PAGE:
Art History Study Guide

Prepared by: the Art History Faculty of the Department of Arts, Culture and Media at the University of Toronto Scarborough

Updated: February 2013

What is art history?

It is the study of the vast and inclusive category of what we have come to call art. Art history students and faculty don’t make art; they spend a lot of time looking at it and thinking about how and in what circumstances it was made.  VPHA46 makes clear to you the approaches to art history that are currently important. Art history at UTSC focuses on the global and contemporary, but also gives you a solid grounding in approaches to art and the visual across time, cultures, classes, gender, and geography. Students at UTSC regularly go beyond the university’s walls to experience art for themselves and also through the eyes of art world practitioners in art world spaces.

The programs:

Art history represents a great diversity of perspectives, time periods, and places. You will find that the major and minor programs are not progressions of required courses, as programs in the sciences tend to be, but rather matrices that begin with study of approaches and methods and go on to offer opportunities to develop breadth, explore individual interests, and hone your research and visual skills. The major program includes guidelines to ensure that you take advantage of the global range of art history courses at UTSC.

Important program planning details:

  1. A student may use any version of a program that is or has been in existence during her or his years at UTSC.
  2. A university rule prohibits students from taking for credit any course that is a specific prerequisite to a course already taken.
  3. Some St. George or U of T Mississauga courses may be exclusions of U of T Scarborough courses and vice versa although the calendars for those campuses do not say so.
  4. Not all courses are offered every year.

Please check with your Program Director if you have any questions about anything related to art history programs and to your interests in the field!

The courses:

The A level in art history serves at least two main audiences: students who wish to go on to take further art history, curatorial, and/or studio courses, and those who might only take this single course but who want fundamental knowledge and tools to enhance a life-long interest in visual art. VPHA46 Ways of Seeing: Introduction to Art Histories is constructed and taught with this dual audience in mind.

B-level art history courses provide basic knowledge of artists and works of art, and of the social and cultural contexts that enable artistic production and reception. A number of these courses have no prerequisites, and are designed to accommodate students from other programs as well as art history program students. The B-level courses offer opportunities to see the diverse ways in which the discipline breaks its subjects down into fields, issues, themes, and methodologies. Faculty may introduce students to the specific areas and practices of research in which they themselves are engaged, and since these areas and practices are partly defined by the larger practices of art history, the dynamics by which art history sees itself are revealed. Some B-level courses have a strong gallery and museum focus, providing a window onto institution practices and more importantly, offering many opportunities to spend time with original works of art.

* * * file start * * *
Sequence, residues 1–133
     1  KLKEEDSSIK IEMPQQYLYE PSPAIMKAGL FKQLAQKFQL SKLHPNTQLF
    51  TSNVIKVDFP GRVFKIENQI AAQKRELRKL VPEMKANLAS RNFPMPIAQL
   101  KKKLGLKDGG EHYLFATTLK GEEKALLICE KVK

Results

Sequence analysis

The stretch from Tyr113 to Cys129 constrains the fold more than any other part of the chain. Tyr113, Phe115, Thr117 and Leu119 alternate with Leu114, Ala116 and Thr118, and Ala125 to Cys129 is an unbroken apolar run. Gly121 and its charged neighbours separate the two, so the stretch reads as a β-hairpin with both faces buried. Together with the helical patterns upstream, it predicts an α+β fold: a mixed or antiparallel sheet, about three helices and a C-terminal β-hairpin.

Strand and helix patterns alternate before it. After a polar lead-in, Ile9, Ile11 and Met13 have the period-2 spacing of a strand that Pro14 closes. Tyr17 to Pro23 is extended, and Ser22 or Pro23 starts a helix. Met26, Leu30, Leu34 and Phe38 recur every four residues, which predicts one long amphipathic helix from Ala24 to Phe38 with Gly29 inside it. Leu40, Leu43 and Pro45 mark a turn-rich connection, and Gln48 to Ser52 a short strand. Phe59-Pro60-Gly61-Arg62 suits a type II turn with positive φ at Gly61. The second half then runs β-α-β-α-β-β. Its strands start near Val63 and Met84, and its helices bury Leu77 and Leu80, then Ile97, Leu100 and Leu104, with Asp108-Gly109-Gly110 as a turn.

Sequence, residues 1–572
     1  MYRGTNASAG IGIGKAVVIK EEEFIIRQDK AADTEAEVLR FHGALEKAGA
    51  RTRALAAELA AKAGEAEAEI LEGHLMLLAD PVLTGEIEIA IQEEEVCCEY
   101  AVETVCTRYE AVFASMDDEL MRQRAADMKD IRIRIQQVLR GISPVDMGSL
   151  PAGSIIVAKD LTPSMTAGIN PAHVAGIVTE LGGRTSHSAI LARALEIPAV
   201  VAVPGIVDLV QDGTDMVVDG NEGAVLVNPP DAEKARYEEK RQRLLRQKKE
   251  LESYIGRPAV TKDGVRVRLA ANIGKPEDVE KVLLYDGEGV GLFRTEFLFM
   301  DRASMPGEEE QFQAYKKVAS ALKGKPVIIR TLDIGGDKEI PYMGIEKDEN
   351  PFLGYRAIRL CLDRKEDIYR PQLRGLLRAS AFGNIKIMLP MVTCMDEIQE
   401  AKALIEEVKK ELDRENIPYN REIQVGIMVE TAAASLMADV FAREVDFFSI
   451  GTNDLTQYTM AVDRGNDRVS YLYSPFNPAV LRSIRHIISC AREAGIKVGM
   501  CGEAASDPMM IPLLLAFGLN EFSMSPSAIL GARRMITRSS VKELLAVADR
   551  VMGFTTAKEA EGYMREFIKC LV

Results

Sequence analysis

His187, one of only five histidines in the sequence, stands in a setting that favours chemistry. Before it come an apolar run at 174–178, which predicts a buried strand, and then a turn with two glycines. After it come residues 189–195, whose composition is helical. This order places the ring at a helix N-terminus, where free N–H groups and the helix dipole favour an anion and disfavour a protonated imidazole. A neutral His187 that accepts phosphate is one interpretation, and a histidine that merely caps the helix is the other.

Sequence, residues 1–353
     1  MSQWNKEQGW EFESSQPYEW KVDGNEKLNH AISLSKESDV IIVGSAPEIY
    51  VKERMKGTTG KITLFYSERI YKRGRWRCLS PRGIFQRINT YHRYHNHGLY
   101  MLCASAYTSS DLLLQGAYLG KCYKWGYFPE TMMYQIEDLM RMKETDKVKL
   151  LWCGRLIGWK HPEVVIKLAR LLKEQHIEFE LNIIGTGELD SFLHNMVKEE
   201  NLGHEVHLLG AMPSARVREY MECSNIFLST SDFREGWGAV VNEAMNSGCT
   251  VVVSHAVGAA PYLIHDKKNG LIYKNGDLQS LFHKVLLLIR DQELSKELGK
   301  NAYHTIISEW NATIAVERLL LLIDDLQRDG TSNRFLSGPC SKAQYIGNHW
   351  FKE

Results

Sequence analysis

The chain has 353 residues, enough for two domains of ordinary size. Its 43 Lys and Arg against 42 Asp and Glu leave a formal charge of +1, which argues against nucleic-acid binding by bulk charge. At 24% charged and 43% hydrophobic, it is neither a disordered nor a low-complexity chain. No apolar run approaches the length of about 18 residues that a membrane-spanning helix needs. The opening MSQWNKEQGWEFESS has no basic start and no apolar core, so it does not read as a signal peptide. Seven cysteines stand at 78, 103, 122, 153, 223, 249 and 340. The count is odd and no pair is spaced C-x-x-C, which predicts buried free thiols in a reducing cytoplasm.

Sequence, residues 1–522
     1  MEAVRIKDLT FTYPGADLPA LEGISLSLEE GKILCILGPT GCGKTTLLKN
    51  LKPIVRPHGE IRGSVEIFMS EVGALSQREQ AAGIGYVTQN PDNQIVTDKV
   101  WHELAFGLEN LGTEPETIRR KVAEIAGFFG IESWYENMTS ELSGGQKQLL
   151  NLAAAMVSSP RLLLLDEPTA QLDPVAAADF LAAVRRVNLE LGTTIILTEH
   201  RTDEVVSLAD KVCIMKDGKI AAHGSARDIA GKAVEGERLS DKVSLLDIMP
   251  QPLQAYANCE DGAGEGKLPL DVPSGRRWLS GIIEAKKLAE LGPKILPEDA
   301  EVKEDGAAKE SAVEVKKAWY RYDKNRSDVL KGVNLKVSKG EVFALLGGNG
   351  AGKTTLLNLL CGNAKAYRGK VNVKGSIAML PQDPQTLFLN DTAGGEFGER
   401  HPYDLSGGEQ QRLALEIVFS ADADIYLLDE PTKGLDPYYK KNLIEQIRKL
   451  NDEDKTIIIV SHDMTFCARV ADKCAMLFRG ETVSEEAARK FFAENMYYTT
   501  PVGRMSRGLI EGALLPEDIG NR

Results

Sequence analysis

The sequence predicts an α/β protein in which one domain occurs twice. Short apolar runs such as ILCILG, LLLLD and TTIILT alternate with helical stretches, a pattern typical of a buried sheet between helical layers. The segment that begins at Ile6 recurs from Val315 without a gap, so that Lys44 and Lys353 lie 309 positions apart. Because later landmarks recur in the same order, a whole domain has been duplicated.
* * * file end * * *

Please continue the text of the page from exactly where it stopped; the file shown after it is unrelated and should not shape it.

C-level art history courses often operate as seminars, and students learn quickly that their own level of participation will help determine how well they do and how much they gain from their experience. Usually these courses have small class sizes with tightly focused topics and intensive research opportunities. Students really begin here to develop their theoretical knowledge, competence at independent research, and ways of communicating results. Some C-level courses are based on work in galleries and museums.

D-levels: these courses are research-intensive and writing-intensive, and may also have a strong gallery and museum component. While the C-level courses help students to build competence in independent research, the D-levels offer them opportunities to hone these skills, possibly in preparation for graduate work. D-level courses are critical for students interested in graduate study or employment in an art history-related field.

What do I gain from studying art history?